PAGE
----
If you are interviewing someone, you can ask about it. Someone that has worked with a lot of diverse populations tends to be more flexible, and they will be better at individualizing your program.
The terms "regime" and "Program" are flags of potentially unhealthy fitness behavior and noninclusive spaces because they often imply strict goal setting and weight loss. She suggests people look for certified professionals that use terms like joyful movement or intuitive movement in their marketing.
It is important to keep in mind that fitness professionals are trying to make money by selling you something. It's the thing that sells the best. On the other side of the spectrum, they turn away people who are not looking to have conversations about non- diet focused, intersectional fitness and only seek weight loss.
There are others who still perpetuate a harmful diet culture, stigmatize certain bodies, and threaten to expose many to harmful weight loss behaviors. I will take that beating so that this can continue to be a space where people can unpack their relationship with their body, with food, with exercise, because I think there has been a lot.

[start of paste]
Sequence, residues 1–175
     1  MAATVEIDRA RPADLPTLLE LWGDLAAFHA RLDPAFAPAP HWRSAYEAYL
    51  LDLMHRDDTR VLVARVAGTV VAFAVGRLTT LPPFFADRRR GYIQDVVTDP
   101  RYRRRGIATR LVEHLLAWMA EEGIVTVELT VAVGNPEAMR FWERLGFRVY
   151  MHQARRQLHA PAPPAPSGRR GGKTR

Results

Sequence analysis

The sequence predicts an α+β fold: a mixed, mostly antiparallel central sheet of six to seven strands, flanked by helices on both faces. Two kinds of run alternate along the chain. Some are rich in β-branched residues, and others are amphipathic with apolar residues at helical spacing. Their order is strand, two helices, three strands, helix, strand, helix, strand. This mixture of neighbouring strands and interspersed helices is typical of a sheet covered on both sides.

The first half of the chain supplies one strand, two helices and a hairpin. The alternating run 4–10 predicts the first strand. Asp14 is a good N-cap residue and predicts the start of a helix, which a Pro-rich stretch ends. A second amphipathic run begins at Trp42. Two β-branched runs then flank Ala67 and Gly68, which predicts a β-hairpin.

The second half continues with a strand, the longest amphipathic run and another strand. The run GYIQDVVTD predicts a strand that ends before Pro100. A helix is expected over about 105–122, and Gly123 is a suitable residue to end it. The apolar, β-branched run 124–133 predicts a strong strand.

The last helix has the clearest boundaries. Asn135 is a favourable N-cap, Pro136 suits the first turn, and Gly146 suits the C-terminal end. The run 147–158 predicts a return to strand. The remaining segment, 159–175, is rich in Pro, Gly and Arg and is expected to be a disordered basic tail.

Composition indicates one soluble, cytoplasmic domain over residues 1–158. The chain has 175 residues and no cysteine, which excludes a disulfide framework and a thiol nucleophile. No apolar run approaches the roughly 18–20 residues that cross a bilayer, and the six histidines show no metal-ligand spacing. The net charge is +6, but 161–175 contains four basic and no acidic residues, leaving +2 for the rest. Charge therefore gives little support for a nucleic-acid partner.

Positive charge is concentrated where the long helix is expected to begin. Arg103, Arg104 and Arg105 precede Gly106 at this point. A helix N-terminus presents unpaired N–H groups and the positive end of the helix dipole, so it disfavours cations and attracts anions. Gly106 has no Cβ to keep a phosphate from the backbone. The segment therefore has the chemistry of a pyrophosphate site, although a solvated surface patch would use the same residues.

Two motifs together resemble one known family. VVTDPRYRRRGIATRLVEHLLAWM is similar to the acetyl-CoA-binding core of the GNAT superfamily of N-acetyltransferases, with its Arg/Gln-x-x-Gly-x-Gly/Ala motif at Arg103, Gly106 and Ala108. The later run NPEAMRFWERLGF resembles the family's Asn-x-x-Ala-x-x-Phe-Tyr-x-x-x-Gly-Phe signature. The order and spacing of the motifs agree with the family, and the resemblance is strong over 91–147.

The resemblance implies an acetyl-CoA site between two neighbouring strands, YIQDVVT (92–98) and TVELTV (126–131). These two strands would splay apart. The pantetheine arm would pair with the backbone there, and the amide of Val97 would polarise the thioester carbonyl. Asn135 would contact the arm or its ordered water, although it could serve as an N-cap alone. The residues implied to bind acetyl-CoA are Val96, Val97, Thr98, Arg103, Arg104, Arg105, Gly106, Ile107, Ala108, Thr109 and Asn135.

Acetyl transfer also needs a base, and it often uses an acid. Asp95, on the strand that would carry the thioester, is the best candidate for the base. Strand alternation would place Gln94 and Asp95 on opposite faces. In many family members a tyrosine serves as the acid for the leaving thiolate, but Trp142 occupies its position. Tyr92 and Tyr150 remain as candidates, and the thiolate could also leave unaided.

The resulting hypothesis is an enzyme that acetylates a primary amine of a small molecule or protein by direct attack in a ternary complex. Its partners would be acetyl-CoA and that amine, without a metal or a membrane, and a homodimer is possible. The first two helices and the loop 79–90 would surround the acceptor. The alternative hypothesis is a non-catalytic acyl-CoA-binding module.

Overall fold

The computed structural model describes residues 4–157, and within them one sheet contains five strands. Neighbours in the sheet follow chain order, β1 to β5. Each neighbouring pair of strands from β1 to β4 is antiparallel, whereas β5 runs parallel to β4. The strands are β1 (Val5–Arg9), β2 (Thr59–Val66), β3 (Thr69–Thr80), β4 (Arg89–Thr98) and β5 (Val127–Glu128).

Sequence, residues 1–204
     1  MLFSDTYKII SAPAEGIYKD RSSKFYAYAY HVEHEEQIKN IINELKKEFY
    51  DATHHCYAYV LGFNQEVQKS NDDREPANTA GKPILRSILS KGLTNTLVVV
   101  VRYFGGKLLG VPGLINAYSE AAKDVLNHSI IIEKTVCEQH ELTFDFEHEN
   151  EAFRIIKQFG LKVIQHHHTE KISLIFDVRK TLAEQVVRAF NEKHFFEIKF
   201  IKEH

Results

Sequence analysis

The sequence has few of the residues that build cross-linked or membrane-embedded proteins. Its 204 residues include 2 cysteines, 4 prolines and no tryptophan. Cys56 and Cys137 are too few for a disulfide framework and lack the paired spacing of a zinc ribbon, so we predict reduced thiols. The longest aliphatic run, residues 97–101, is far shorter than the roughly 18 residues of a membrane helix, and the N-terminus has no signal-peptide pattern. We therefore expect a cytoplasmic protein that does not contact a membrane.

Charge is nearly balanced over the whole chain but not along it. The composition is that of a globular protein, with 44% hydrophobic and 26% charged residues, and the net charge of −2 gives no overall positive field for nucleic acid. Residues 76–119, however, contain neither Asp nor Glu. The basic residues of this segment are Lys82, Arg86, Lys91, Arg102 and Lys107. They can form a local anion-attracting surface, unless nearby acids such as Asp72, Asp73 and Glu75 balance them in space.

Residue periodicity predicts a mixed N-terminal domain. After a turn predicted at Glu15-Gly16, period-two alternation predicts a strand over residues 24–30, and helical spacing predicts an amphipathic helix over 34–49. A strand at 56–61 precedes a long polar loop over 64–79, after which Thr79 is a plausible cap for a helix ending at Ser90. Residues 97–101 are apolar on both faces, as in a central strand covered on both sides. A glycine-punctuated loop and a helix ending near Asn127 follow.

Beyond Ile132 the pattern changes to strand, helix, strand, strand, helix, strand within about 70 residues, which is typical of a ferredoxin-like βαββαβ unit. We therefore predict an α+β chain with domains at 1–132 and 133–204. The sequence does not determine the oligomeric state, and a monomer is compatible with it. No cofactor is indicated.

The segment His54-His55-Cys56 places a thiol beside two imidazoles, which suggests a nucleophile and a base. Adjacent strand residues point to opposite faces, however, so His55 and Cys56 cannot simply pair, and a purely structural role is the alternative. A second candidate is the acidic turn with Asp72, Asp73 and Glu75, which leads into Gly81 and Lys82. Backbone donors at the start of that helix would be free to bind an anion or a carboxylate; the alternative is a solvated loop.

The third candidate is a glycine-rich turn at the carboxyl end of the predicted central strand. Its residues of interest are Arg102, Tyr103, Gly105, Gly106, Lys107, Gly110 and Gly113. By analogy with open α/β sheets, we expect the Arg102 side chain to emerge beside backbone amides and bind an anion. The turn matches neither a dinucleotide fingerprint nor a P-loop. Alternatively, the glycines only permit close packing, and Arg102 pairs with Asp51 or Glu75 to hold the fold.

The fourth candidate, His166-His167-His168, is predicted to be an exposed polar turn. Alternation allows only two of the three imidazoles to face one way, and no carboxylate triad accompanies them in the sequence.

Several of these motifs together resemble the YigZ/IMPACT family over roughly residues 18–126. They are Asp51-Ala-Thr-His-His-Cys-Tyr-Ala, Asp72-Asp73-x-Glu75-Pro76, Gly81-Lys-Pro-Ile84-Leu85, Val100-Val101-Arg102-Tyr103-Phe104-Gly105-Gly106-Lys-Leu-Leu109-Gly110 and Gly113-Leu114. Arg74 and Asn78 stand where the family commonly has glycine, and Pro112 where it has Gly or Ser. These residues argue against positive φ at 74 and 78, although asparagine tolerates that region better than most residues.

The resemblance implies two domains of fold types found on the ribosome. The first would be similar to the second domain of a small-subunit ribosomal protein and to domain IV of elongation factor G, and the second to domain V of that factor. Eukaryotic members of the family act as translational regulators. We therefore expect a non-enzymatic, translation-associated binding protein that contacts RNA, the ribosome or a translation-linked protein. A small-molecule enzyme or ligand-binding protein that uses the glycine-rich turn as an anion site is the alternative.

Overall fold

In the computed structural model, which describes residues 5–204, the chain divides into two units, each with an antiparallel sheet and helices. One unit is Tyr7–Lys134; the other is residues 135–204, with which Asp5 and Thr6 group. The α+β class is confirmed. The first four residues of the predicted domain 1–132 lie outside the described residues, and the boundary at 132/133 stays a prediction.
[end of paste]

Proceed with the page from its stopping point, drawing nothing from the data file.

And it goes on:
It is hoped that people in need will find a space that is comforting and accessible, filled with reassurances and an emphasis on the personal, individual nature of fitness and health. No shame involved.
MacKellar said that it is like a David and Goliath situation. Trying to fight a big beast.
If you would like to talk to someone about your eating behavior, you can call the National Eating Disorder Association. To be connected with a trained volunteer at the Crisis Text Line, you can either text NEDA or visit the nonprofit's website.